direction component of vector without case analysis

Vector related question here - mostly out of curiousity: Is there a way, starting with a vector in component form (<x, y>) to get the direction angle in [0, 2 * pi) without using case analysis based on the quadrant the vector is in? In a programming project I wanted to write a function that pulls out the direction angle, in radians, from a vector in component form. So I wrote this:

Code:

`vectorDirection :: (Double, Double) -- vector`

-> Double -- angle in radians

vectorDirection (0, 0) = 0.0 / 0.0 -- NaN

vectorDirection (x, y)

| x >= 0 && y >= 0 = a

| x < 0 && y >= 0 = pi - a

| x < 0 && y < 0 = pi + a

| otherwise = 2 * pi - a

where a = atan (abs y / abs x)

In other words, I used arctan (|y| / |x|) to get an angle, but since that angle's meaning changes depending on which quadrant the vector is in, I have to use case analysis to adjust it so that it becomes a nice standard angle between 0 and 2 * pi. This is the only way I saw it done in my old trigonometry book, but I was wondering if there was a more direct method.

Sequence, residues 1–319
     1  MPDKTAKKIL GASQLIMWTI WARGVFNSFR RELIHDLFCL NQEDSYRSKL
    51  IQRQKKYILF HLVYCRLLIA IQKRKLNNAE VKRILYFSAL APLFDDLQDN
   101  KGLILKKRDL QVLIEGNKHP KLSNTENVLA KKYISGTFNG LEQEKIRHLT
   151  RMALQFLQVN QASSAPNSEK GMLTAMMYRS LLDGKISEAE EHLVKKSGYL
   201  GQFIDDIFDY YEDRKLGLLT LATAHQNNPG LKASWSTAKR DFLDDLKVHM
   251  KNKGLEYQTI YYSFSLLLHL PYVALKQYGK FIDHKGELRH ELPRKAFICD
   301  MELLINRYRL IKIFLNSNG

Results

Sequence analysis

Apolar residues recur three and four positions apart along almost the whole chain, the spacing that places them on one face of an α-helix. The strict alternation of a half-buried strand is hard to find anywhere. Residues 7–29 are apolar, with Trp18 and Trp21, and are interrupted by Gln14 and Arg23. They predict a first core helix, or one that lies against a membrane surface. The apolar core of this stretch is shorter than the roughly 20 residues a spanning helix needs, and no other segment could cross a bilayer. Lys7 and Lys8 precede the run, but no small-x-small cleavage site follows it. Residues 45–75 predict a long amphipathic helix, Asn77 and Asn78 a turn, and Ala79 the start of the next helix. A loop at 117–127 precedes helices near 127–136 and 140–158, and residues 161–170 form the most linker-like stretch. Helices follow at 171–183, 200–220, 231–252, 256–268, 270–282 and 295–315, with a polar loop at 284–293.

Re: direction component of vector without case analysis

Angle =

works as a single formula for , except it's in the range

Re: direction component of vector without case analysis

Quote:

Originally Posted by

**johnsomeone** Angle =

works as a single formula for

, except it's in the range

Erm... well thanks, but [0, 2*pi) is most definitely the range I am looking for. Much more ideal for programming applications.

Re: direction component of vector without case analysis

You can use and to setup up your cases algebraically within a function. It's like building a switch statement into the formula, because it's an indicator function - it's 1 when is negative and 0 when is positive.

So far, you have what you seek, except that in the case, you'd like to add .

So we need to add only if the result is in the 4th quadrant, and so use to incorporate that. So do:

Thus, when and , have

Of course, you'll still need if-statements to check for x or y being 0.